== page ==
He’s there – where?
    there in their minds now / deep within,
    there to prance / a sidelong glance / a silly grin
    to remind them all / of a Guddia wall
    a concrete floor / a cell door / and John Pat.

    Read more: http://www.creativespirits.info/aboriginalculture/law/royal-commission-into-aboriginal-deaths-in-custody#ixzz28oRGAI14

    1. John Pat
      Do you ignore the fact that ‘Non Aboriginals’ have died in custody too? But their cries are seldom heard..

  4. thewedgesays says:

    It’s not the whom or the when that matters. It is the fact that a race has been colonised, maginalised and then forced to assimilate. Justification cannot be found in the pretence that it would of happened anyway. Would you thank the man standing on your neck because he stopped someone else from taking his place? Even if he didn’t realise he was standing on it in the first place?

  5. Hello Di,

    One of my Uncles died during WWII like your grandfather. He fought in Britain, the Middle East and in the Pacific. He was a much decorated pilot. On his way back to Australia his plane fell into the sea and his body was never recovered. This caused much distress to his brothers (one was my father) and grandad and grandma. They raised money to institute a private search. His loss affected my father, and even though my uncle died before I was born I was aware of this – it was part of the folklore of our family.

    Why tell you this?

    I do not believe my uncle died defending Australia. He died as a result of the defence of empire. In the first place that of British empire and then American empire. Remember that US General Macarthur did not even wish to defend the land north of Brisbane – hence the infamous name coined by General Macarthur ‘Brisbane Line’. My uncle and his parents had lived on the land that General Macarthur wished to sacrifice. My grandfather knew more than most that the land that he worked up in the gulf, where he raised horses with his brothers, he knew that was aboriginal land. General Macarthur was perfectly willing to sacrifice this land to any invader. And now American troops sit in Darwin protecting their interests, not Australians. We need to discover that our past has a black history and not try to dress it up in nationalism that was never real.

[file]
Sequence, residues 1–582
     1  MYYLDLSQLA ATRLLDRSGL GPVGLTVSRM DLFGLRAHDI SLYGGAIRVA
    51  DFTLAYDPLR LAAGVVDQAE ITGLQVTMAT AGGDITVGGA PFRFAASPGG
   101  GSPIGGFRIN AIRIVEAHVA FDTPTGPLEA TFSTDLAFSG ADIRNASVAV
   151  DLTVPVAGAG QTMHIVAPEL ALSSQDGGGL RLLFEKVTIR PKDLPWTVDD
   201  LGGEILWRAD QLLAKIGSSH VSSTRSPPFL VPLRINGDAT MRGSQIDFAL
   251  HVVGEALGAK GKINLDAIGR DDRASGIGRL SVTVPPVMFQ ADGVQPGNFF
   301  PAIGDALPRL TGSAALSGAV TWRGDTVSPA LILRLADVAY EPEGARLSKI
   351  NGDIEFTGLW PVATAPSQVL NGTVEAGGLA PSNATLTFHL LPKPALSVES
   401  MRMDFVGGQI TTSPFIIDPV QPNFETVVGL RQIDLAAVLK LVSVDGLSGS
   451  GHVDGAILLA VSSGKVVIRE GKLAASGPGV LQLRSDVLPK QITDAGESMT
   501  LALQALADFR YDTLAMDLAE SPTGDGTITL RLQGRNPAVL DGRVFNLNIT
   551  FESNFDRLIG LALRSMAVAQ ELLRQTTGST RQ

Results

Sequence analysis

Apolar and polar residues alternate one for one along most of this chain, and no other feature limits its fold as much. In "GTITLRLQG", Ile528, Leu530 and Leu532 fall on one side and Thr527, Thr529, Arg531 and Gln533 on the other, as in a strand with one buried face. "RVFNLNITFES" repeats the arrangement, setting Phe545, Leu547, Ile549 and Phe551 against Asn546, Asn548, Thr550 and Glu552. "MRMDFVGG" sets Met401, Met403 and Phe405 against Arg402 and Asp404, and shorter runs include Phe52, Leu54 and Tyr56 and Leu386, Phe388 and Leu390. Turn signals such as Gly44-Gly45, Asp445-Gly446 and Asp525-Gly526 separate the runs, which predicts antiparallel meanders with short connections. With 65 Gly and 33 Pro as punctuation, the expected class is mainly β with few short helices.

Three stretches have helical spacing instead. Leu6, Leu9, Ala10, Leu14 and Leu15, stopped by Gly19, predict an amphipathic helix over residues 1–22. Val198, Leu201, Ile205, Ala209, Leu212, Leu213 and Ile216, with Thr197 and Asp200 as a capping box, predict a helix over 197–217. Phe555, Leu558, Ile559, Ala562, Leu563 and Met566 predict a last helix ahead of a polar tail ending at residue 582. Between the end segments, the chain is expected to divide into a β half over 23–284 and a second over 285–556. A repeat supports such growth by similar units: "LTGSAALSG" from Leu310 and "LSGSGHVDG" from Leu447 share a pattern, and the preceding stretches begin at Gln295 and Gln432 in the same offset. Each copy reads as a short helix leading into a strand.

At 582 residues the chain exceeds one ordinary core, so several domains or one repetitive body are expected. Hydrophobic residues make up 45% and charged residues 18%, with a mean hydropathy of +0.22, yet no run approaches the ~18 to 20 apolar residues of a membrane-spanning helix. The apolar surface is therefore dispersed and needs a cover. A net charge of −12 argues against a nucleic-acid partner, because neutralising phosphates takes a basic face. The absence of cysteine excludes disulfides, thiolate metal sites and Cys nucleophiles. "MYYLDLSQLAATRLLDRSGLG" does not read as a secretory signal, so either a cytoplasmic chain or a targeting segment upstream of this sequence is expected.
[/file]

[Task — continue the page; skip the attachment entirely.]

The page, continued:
The picture below should explain why.

    Abingdon Downs on Kutjal land in North Queensland

    Ian Curr

    1. WE didn’t attack the Jap’s they attacked attacked Darwin.

  6. My Grandfather died defending Australia so I believe as a white man he has a stake in this land.The Aboriginals would be speaking Japanese if wasn’t for people like my Grandfather…. Aboriginals would have been exterminated at the hands of the Japs or treated like the Monks by the Chinese..There was never a thank you issued by any Aboriginal leader..
    IT’s everybody’s Country when it’s war but in peace times it’s Aboriginal land…What the?